In an encore performance that is drawing rave reviews from biomedical researchers, Congress is ready to hand the National Institutes of Health (NIH) another record budget increase. Today, the House passed a $17.9 billion budget--a $2.3 billion boost that matches last year's precedent-setting 14.7% raise. The bill is now before the Senate, which may take several weeks to act but is not expected to alter NIH's appropriation.
NIH director Harold Varmus, echoing biomedical lobbyists, said he was "thrilled" with the budget, which provides NIH's 16 institutes with increases ranging from 13.4% to 15.1%. For instance, the National Cancer Institute--NIH's biggest research funder--will get a 14.8% boost to $3.3 billion. Several smaller programs were also big winners, with the National Human Genome Research Institute getting a 25.4% lift, to $337 million, and the controversial National Center for Complementary and Alternative Medicine winning a 37.5% increase, to $69 million. NIH officials expect a rise in the number of grants to individual investigators and a jumpstart for several initiatives, including gene sequencing and biocomputing projects (Science, 11 June, p. 1742).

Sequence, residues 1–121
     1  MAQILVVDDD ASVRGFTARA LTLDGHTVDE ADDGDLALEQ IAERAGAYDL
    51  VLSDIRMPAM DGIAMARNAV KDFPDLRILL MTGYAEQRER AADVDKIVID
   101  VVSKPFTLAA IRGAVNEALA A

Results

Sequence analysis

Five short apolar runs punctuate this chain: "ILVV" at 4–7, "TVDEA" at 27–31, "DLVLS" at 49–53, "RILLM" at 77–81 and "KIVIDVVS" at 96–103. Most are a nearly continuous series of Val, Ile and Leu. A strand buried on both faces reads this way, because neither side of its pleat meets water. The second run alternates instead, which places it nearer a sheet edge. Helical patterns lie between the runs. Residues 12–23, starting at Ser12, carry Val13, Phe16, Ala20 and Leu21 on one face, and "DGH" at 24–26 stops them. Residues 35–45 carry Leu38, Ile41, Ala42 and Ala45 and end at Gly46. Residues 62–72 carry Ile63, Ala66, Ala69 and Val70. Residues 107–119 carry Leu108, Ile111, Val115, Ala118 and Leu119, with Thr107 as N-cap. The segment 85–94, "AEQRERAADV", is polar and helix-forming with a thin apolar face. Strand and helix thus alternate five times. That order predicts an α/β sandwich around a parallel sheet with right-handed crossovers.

Biomedical groups have been lobbying to double NIH's budget to $34 billion by 2004--and this year's increase keeps them on track. But next year, NIH will need another huge increase--$2.7 billion--to keep the doubling train rolling, notes Representative John Porter (R-IL), who heads the spending panel that oversees NIH's budget. He and other "supporters of biomedical research have long realized that [doubling] is a very difficult goal," he says. They are already discussing how to overcome concerns among some lawmakers--such as Senator Pete Domenici (R-NM)--that the agency is growing too fast. But Porter says that "there is so much good science out there [that new funds can be] extremely well spent."